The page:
A love of experimentation and a unique approach to colour informs the work of Dutch design studio Scholten & Baijings
A love of experimentation and a unique approach to colour informs the work of Dutch design studio Scholten & Baijings. Vogue Living speaks with studio cofounder Carole Baijings on the duo’s latest project.
Our focus on colour started as a sort of surprise,” says Carole Baijings, one half of design duo Scholten & Baijings. The Dutch practice is celebrated for an oeuvre that spans concept cars for BMW, porcelain for Japanese firm Arita and, most recently, a line of modular furniture for Herman Miller and a new textile range for US-based textiles company Maharam. Baijings and her partner in design and life, Stefan Scholten, launched their practice in 2000; since then, the Amsterdam-based couple has built a reputation for a highly individual take on colour. It’s a signature that began with a failed textile sample, which, after compliments from friends, was developed into a blanket that today remains a bestseller. “It taught us that something that in our eyes was a total failure could, in another context, be a great success,” says Baijings. The pair’s flair for hands-on experimentation is captured in their latest collaboration with Maharam, a heritageinspired range of three individual fabric designs and the duo’s fourth collection for the company. Here, Baijings describes her inspiration. Our new textile collection is based on Dutch
darning samplers from the 17th century. Mary Murphy, the vice president of design for Maharam, knows Dutch culture very well. She suggested we look at our own textile history and in particular, darning samplers. It’s a Dutch tradition, used as a teaching tool to help young girls learn how to sew. Some are elaborate works showing the methods of repair on various fabrics using different yarn types and colours. They eventually became like works of art and are now bought by collectors and museums in Japan and America. It’s important to us to create new forms that you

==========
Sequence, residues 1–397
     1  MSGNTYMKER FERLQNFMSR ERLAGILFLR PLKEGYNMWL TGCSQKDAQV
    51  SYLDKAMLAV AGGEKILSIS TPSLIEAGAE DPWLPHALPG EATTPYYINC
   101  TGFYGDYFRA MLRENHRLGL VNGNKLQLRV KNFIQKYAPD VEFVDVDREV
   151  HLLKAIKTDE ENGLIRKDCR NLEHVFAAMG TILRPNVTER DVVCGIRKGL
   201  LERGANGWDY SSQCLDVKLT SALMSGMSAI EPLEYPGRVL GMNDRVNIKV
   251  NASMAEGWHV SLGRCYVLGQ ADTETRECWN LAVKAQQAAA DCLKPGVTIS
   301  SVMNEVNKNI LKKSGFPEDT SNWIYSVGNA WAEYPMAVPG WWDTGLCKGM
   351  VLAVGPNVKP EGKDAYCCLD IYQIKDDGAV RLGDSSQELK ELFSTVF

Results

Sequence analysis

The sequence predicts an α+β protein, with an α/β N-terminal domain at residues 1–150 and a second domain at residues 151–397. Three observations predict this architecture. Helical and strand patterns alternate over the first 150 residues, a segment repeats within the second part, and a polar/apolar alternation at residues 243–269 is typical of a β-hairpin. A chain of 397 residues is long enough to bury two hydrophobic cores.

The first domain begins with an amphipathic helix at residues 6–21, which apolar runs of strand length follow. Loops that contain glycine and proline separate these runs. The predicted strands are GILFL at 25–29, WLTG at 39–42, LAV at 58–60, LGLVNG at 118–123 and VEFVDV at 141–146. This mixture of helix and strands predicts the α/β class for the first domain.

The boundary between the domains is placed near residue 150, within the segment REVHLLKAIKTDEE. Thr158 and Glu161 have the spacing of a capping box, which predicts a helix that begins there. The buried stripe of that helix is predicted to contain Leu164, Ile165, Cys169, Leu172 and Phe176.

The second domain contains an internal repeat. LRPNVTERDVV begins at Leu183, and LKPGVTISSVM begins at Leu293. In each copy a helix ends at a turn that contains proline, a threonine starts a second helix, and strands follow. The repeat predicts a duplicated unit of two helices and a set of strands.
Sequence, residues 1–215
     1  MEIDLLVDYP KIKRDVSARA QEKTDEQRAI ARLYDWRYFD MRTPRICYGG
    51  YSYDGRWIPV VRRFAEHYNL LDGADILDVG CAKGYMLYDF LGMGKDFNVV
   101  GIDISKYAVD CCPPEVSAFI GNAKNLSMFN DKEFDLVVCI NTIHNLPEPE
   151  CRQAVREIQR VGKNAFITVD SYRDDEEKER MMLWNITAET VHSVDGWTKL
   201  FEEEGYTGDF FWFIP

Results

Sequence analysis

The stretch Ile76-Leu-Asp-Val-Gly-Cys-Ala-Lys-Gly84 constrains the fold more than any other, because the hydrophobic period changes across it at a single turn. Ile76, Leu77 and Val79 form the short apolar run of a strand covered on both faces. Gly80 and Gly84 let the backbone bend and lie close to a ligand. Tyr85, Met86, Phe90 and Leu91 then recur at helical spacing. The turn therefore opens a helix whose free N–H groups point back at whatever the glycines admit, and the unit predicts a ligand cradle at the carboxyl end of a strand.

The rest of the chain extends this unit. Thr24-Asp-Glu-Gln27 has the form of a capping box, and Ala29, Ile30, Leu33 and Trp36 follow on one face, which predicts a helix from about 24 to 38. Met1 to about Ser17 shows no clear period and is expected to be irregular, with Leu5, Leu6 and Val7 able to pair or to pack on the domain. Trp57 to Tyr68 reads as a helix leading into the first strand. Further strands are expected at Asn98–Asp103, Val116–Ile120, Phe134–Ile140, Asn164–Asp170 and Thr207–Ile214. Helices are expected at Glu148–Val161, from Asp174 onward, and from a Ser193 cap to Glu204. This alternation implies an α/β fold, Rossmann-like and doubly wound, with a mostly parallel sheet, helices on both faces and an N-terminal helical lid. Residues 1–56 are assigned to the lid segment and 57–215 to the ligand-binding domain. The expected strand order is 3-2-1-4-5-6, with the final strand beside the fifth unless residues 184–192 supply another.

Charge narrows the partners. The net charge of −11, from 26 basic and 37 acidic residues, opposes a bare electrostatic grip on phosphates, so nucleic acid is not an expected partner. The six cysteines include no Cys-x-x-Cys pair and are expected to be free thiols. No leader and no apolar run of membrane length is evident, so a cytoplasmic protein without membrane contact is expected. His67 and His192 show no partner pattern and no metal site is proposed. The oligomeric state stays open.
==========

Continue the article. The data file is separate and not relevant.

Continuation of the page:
cannot possibly design on a computer. We mix our own formulas, make our own materials and even colours that are just right, and not just chosen from Pantone. If we send a Pantone colour to a manufacturer then they don’t use their own knowledge anymore — and we need them to really create the colour we’re aiming for.
We just bought a new 3D printer and printed our first textile. We curated a show at the textile museum in Holland about Scandinavian design and they asked us to create a collection. We printed small so it feels leaves like in a different fabric. It’s colours a sustainable and connected material them — made from rice and corn — so, like leaves in nature, it will eventually dissolve. Our Dutch heritage has really influenced the
way we work… from artists such as Mondrian, Van Gogh and Rembrandt to the way our country is so flat with linear landscapes and horizons. It mirrors the characteristics of Dutch design, which is very minimal but also experimental, innovative, unconventional with a sense of humour. That’s in our DNA — although sometimes our work is described as being quite un-Dutch. I think maybe in the layering and detailing and the way we work, almost like an artist, but still working with industry. In our opinion it’s extremely important to work with industry — that’s where the greatest restrictions lie but also the greatest opportunities.
FROM TOP a co p Baij A g Sampler Large, one of the duo’s newest textile designs for Maharam, shown on B&B Italia’s Andy ’13 sofa.